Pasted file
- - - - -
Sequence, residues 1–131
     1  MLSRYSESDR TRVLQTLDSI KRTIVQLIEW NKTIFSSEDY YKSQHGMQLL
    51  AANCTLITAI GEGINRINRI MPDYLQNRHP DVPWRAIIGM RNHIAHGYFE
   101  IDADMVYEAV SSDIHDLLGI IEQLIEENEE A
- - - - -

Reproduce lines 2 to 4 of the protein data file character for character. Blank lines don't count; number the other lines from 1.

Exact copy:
     1  MLSRYSESDR TRVLQTLDSI KRTIVQLIEW NKTIFSSEDY YKSQHGMQLL
    51  AANCTLITAI GEGINRINRI MPDYLQNRHP DVPWRAIIGM RNHIAHGYFE
   101  IDADMVYEAV SSDIHDLLGI IEQLIEENEE A